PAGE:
Remember when you were little, and learning how to tie your shoes was a big deal?
Or writing your name?
Or riding a bike?
Or drinking from a grown-up cup?
Maybe you’ve had children and you remember the small achievements that seemed so big to them—and to you.
I have a habit of glossing over my small victories, and I’m guessing most other adults do, too. I just didn’t notice them as much as time went on.
Only the big victories were memorable; failures even more so.
Sometimes having a chronic illness makes me feel like I’ve reverted back to childhood, to a more helpless state. In a strange way, this gives me the opportunity to recognize any little achievements I might have.
Did I water the plants today? Yeah!
Did I get all the dishes in the sink washed? Great!
Did I eat a meal that didn’t make me swell up like a puffer fish? Alright!
(Okay, that last one was mostly luck, but I’ll take it).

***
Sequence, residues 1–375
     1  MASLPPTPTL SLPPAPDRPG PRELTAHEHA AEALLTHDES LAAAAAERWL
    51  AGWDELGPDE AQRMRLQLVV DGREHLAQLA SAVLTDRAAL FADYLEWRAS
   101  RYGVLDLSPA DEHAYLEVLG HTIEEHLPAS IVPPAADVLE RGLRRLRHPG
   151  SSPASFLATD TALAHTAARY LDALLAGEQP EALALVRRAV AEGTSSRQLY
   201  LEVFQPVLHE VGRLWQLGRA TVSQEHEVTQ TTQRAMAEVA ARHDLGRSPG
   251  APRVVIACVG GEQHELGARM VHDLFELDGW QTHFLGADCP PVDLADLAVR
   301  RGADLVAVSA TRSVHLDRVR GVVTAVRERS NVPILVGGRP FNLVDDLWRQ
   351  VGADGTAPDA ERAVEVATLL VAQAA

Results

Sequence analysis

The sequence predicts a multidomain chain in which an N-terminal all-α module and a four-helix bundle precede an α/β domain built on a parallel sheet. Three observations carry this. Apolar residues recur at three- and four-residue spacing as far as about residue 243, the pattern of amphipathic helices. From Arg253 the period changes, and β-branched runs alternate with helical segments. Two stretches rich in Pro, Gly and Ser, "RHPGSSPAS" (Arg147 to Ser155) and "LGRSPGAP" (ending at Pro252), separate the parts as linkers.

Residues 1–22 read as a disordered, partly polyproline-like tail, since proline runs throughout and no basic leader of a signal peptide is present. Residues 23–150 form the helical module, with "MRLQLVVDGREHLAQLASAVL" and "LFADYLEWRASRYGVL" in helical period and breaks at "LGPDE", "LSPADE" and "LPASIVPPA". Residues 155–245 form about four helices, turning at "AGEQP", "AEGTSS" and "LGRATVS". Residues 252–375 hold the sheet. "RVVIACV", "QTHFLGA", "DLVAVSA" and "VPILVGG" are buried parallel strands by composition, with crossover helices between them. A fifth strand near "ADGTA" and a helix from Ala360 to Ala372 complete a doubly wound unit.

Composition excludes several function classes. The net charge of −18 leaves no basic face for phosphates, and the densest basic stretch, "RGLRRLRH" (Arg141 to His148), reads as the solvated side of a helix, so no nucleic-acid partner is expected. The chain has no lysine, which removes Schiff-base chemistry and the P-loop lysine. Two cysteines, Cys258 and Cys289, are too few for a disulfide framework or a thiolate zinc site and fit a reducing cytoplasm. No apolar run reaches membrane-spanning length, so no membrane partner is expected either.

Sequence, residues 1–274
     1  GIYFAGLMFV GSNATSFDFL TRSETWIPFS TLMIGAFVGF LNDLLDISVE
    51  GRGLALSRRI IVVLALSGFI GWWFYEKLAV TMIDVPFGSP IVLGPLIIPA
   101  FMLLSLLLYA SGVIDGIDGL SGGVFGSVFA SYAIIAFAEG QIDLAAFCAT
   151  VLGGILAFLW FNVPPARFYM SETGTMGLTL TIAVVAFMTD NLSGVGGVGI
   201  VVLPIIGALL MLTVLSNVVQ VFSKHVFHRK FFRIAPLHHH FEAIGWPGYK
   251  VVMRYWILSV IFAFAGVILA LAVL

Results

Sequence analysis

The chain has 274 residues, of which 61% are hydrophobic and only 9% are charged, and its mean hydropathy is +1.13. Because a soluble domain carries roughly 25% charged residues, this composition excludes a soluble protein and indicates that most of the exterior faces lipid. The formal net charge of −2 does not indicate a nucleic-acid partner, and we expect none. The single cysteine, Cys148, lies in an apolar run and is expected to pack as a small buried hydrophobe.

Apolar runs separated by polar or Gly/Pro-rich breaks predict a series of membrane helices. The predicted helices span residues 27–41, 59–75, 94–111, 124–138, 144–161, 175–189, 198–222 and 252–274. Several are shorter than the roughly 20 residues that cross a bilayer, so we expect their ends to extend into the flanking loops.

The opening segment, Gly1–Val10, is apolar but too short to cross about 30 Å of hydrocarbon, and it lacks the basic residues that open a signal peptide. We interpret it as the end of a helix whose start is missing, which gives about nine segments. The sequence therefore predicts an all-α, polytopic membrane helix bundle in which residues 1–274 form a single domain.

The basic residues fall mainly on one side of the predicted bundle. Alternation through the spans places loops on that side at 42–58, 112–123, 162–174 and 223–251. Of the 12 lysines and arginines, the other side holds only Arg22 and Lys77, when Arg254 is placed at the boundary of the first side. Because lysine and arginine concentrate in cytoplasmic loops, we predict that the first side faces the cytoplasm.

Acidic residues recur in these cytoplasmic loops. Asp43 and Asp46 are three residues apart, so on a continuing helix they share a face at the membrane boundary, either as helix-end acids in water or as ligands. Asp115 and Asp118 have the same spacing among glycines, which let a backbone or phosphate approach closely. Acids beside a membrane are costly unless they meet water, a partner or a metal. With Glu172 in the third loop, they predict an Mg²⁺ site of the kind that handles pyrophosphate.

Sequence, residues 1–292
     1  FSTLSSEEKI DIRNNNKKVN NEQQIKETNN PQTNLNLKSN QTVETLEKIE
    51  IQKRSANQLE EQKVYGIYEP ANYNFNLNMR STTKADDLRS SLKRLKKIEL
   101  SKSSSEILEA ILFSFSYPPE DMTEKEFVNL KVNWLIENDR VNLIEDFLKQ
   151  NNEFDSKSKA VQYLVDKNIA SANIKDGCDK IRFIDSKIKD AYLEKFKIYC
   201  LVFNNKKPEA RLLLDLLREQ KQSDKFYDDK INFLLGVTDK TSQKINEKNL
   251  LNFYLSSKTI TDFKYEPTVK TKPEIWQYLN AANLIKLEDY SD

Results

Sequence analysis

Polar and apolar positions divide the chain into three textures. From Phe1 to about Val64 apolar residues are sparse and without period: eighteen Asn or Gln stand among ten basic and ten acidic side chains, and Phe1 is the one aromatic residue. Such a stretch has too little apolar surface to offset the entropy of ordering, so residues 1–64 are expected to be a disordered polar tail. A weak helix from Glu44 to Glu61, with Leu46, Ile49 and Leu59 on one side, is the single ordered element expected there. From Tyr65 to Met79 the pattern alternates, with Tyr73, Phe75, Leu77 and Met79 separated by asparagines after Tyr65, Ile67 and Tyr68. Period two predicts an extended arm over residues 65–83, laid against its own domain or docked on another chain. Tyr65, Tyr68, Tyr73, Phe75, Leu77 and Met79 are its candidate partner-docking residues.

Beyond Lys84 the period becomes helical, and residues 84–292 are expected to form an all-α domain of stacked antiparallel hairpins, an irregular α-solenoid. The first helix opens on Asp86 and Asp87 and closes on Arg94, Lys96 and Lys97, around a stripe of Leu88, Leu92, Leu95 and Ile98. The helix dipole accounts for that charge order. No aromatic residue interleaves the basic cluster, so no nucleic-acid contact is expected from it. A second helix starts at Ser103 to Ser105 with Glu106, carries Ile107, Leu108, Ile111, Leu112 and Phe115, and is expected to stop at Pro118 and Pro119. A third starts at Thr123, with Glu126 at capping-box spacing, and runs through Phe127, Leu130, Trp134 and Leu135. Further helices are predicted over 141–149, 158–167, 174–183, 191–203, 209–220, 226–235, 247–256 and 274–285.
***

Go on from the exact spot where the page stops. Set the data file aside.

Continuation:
When so many parts of my body and brain aren’t working properly, reminding myself of the things that are working keeps me from falling into a despair-hole.
It’s also a mood-booster. Our brains like celebration and appreciation. They also like feeling productive. Over the course of the day, these incremental pats-on-the-back can add up.
So, while I may not be accomplishing the “healthy me” version of my to-do list, I can still feel somewhat satisfied with what I’ve actually done. Even if that means writing “shower” down on my to-list after I’ve done it, and then crossing it off.